A heel spur is a calcium deposit causing a bony protrusion on the underside of the heel bone.

What is a Heel Spur
Heel spurs are especially common among athletes whose activities include large amounts of running and jumping. In most cases, heel spurs are painless, but they do cause heel pain and are often associated with plantar fasciitis. The treatments recommended by doctors for heel spurs are exercise, custom-made orthotics, anti-inflammatory medications, and cortisone injections, or even surgery.

A heel spur

What causes heel spurs?
Heel spurs occur when calcium deposits build up on the underside of the heel bone, a process that usually occurs over a period of many months. Heel spurs are often caused by strains on foot muscles and ligaments, stretching of the plantar fascia, and repeated tearing of the membrane that covers the heel bone.
The common causes are listed as follows.
– Abnormal walking strides, placing too much stress on the heel bone, ligaments, and nerves near the heel;
– Running, jumping, jogging on hard surfaces;
– Uncomfortable shoes without necessary arch support
– Excessive body weight and obesity
– Other risks not necessarily leading to heel spurs include:
A.) Increasing age with decreased plantar fascia flexibility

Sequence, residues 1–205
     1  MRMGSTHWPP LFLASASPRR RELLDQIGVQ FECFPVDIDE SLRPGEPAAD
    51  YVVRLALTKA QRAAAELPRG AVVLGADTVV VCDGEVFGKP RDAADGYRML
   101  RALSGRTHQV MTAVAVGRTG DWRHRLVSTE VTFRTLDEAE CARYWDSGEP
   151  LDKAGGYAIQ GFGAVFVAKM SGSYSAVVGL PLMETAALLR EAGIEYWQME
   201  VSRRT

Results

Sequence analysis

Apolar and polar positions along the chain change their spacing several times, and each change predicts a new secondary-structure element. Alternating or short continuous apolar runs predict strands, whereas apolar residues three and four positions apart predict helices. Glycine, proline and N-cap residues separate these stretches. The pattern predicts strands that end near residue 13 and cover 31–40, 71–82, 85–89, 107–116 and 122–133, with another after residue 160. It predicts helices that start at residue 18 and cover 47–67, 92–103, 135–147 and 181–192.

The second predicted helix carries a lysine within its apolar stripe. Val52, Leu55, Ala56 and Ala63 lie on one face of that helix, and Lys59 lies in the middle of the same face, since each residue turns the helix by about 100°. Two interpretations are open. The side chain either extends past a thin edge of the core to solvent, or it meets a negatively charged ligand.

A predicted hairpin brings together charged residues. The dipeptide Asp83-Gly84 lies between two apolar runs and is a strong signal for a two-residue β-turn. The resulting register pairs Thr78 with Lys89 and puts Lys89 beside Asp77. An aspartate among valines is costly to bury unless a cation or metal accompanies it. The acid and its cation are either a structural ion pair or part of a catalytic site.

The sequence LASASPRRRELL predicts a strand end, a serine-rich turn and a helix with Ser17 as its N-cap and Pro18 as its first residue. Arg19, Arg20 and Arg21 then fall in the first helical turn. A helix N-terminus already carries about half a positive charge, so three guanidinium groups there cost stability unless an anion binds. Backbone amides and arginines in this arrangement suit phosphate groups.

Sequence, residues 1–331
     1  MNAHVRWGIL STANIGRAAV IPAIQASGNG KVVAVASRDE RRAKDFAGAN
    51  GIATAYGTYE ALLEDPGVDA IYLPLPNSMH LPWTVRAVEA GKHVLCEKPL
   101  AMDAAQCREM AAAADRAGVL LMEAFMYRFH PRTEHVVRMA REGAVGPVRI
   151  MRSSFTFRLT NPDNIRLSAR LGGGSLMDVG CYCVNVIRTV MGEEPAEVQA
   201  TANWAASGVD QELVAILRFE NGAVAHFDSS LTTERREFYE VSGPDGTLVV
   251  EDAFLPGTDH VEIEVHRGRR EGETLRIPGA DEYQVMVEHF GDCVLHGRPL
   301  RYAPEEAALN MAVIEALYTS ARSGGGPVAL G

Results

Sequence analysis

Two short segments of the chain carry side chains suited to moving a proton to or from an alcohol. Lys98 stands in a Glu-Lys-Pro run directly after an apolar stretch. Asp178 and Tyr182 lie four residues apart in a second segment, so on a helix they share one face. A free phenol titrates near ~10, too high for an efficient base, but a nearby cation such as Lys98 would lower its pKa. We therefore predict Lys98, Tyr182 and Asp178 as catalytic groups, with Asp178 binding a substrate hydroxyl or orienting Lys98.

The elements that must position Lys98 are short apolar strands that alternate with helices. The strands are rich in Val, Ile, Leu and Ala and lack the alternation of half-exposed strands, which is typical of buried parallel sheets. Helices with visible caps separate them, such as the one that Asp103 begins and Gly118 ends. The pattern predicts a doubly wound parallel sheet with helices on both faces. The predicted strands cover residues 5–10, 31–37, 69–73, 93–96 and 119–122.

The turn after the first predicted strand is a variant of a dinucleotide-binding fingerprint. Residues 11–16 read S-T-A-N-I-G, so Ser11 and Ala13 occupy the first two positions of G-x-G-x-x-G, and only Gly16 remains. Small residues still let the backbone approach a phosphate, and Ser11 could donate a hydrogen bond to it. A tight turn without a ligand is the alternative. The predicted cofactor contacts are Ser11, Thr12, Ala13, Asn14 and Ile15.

B.) Diabetes
C.) Standing too time per day
D.) Frequent short bursts of physical activity
E.) Suffering from either flat feet or high arches

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Symptoms of Heel Spurs
Usually, there are no obvious symptoms. But heel spurs can be associated with intermittent or chronic pain — especially while walking, jogging, or running. Generally speaking, it is not the heel spur itself that causes foot pain, but the soft-tissue injury. The pain is often described as a knife or pin sticking into the bottom of their feet suddenly, and then into a dull ache. And that pain comes again when standing up after sitting or resting for some time.

Non-Surgical Treatments for Heel Spurs
If you suffer from heel pain for more than one month, please do consult with a doctor. They may recommend conservative treatments such as:
– Stretching exercises
– Shoe recommendations
– Taping or strapping to rest stressed muscles and tendons
– Shoe inserts or orthotic devices with heel shock absorption
– Physical therapy
– Night splints

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Prevention of Heel Spurs
As we discuss the causes of heel spurs, here are some ways to prevent them.
– wearing well-fitting shoes with shock-absorbent soles, rigid shanks, and supportive heel counters;
– choosing appropriate shoes for each physical activity;
– warming up and doing stretching exercises before each activity;
– losing weight, if you are overweight

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